Wow. Our experiment is off to a great start—let's see if we can finish it off sooner than expected.
After reviewing the NSA's bulk collection of phone metadata, President Obama plans to recommend that the program be terminated completely:
Under the proposal, they said, the N.S.A. would end its systematic collection of data about Americans’ calling habits. The bulk records would stay in the hands of phone companies, which would not be required to retain the data for any longer than they normally would. And the N.S.A. could obtain specific records only with permission from a judge, using a new kind of court order.
....The new type of surveillance court orders envisioned by the administration would require phone companies to swiftly provide records in a technologically compatible data format, including making available, on a continuing basis, data about any new calls placed or received after the order is received, the officials said.
They would also allow the government to swiftly seek related records for callers up to two phone calls, or “hops,” removed from the number that has come under suspicion, even if those callers are customers of other companies.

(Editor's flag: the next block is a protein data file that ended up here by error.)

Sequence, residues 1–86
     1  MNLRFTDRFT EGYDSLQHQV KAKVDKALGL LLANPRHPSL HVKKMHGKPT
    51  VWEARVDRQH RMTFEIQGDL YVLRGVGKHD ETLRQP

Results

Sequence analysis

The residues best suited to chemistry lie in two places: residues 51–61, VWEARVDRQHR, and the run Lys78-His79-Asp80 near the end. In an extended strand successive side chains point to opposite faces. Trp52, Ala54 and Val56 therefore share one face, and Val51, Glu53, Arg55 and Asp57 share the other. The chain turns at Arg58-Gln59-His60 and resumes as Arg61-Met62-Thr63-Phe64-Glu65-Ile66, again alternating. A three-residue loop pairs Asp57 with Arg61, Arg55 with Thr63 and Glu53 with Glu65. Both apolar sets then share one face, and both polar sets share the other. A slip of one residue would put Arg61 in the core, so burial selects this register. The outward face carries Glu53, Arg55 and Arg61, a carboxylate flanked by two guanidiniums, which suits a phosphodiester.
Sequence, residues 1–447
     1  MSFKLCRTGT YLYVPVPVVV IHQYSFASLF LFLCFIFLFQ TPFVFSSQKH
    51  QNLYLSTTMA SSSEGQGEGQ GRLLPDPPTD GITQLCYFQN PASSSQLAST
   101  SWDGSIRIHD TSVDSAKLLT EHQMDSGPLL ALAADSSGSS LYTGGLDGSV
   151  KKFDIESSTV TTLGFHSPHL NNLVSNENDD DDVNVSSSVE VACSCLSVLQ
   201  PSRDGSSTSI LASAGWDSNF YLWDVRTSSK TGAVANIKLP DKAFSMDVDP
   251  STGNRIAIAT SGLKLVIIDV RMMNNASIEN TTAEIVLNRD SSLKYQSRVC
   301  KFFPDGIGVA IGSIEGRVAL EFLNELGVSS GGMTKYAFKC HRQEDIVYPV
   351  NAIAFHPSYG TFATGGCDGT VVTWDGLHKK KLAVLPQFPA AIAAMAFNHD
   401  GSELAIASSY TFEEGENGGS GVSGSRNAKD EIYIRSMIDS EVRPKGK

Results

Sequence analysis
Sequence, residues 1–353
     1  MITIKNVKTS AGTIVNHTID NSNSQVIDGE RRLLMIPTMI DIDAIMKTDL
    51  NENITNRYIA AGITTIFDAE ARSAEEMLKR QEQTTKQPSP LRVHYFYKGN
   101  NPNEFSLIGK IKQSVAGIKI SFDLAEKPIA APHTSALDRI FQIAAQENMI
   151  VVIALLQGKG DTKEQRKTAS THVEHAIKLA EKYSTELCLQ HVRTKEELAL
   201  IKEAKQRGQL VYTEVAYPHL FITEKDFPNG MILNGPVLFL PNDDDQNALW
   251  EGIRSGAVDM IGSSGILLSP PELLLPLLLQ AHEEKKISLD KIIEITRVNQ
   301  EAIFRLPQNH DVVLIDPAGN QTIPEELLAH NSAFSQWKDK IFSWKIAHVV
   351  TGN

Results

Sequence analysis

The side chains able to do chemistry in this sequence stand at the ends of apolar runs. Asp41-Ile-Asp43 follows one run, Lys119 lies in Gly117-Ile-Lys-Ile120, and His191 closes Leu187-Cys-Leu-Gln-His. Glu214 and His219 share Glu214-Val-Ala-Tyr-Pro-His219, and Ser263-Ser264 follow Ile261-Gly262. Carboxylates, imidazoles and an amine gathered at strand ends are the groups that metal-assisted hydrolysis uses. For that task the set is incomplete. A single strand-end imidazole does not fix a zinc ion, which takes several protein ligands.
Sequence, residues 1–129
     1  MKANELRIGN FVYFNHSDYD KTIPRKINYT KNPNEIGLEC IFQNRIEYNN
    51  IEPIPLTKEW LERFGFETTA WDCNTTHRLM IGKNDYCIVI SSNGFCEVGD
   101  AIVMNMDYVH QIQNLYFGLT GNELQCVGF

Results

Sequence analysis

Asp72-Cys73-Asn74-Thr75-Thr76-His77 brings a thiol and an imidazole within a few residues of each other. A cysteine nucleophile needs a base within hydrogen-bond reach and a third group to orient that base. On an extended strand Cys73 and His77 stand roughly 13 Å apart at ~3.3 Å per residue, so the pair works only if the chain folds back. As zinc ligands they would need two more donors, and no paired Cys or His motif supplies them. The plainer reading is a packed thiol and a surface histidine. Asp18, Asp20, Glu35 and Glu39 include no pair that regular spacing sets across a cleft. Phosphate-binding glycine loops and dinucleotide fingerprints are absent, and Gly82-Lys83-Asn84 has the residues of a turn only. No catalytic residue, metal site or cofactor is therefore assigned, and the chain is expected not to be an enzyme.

If this is right, the NSA's data collection would end, and phone companies would do nothing differently from what they do now except that they'd have to provide metadata in a specific format when they get a court order. That's hardly burdensome to the telcos, nor does it infringe civil liberties in any noticeable way.
This is better than I expected. But I wonder what Congress will do with the proposal. Will Republicans go along? Or, after months of griping about the NSA program—remember, eight months ago 94 of them voted to defund it—will they decide that they'd rather accuse the president of endangering the American public by ending a vital program? It's an election year, after all. Decisions, decisions....